Copyright © by Andrea Freedman 2014
One of the questions writers ask each other is how and where they find time for writing. Another thing we want to know is where other writers feel the most conducive atmosphere is for creativity.
I personally have discovered that a lot of ideas come to me while I am washing the dishes every night after dinner. As we do not have a dishwasher, I spend a fair amount of time on a daily basis cleaning up in the kitchen.
Hard to believe as it may seem, there are some cases where domestic duties can actually be – get ready for this one – relaxing. I don’t know if it is the suds from the dish-washing soap that is so soothing to me or the warmth of the water that I find so calming. Whatever it is, it works for me.
Rather than complain about yet another household chore, I make the most of my time to get in touch with my thoughts. It is as if, during the time I am washing the dishes, I am surrounded by a faint cloud, an aura of something protecting my mind from being disturbed by any outside thoughts or influences.
Don’t get me wrong; on the occasions where we go out for dinner or order in, I am not unhappy that I have a break from my usual clean-up, but doing the dishes can actually be therapeutic.
My lap top or note-book is never far away just in case I think of a story or article topic that I feel is worth getting down before I forget about it. I frequently take quick breaks from dish-washing and jot down some notes, often still wearing my rubber gloves. When I get back to the sink and my task at hand, my original idea hopefully develops further.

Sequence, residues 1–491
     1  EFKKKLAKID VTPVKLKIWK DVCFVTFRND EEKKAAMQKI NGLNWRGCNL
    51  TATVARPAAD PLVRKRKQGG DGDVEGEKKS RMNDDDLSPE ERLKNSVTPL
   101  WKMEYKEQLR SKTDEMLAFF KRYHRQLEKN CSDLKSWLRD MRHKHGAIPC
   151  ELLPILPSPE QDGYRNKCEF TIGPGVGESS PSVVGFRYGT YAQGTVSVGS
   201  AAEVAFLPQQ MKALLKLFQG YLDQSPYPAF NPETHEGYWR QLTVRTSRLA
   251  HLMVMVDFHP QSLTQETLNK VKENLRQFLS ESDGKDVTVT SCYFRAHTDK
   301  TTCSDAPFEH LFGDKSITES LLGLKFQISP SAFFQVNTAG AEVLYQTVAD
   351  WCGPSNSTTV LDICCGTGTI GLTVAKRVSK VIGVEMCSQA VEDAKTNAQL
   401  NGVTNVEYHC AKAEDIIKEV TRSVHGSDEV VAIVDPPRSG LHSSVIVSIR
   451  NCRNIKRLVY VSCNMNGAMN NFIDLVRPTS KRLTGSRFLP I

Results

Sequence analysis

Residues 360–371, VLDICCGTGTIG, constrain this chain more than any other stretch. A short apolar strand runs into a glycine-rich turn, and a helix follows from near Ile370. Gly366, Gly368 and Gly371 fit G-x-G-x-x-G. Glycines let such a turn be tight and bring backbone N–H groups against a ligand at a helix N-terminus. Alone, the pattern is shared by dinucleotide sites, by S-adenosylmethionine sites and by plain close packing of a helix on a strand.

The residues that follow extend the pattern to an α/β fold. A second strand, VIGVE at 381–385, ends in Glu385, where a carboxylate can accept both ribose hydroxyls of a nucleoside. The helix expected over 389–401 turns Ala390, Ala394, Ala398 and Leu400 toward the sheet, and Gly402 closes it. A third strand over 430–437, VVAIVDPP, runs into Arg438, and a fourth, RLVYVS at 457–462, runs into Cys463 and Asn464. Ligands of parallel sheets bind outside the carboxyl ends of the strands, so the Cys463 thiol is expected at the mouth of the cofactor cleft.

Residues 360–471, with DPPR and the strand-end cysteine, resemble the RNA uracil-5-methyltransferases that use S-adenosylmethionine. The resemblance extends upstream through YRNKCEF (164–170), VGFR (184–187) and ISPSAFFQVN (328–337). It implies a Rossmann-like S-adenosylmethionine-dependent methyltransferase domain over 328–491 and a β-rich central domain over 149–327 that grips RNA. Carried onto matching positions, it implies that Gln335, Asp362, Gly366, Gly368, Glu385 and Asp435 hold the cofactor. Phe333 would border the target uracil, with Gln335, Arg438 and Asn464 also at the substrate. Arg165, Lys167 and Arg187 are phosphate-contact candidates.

By the time I am done I have often organized my thoughts or decided on my next writing project. Who would have thought that a sink piled high with dirty dishes could be so inspiring?
On many nights my husband has commented on how hard I work and has offered to get me a dishwasher. As tempting as that sounds, I worry that it could potentially take away from some of my most productive writing time, or at least my most valuable quiet time to think about writing.
I don’t even like people helping me clean up in the kitchen. First of all, I find the space too small for two people to function comfortable or effectively. Mostly though, I think I just don’t want anyone to intrude on my precious time.
Not to mention, there is an added sense of accomplishment and satisfaction in completing a job that can sometimes feel daunting when I get started, but that usually turns out to be time worthwhile having spent. Each item washed is one less thing that needs to be done. I am one step closer to the finish line.
For now I am just as happy to continue doing the dishes by hand, without a dishwasher. Sure I spend a lot of time cleaning up every night; however, I do not think that time would be better spent doing something else.
Creativity can be sparked in the most unlikely of places and situations. When we least expect it a brilliant thought can come to us. I think that when you find your spot, no matter where that is, it is a good idea to stick with what works best for you.
There is no telling what will make its way into my imagination on any given evening. I wonder what it will be tonight. Whatever it is, I’m looking forward to it. So, the next time you have writers’ block or are in need of some tranquility, try washing some dishes.☼
Copyright © by Andrea Freedman 2014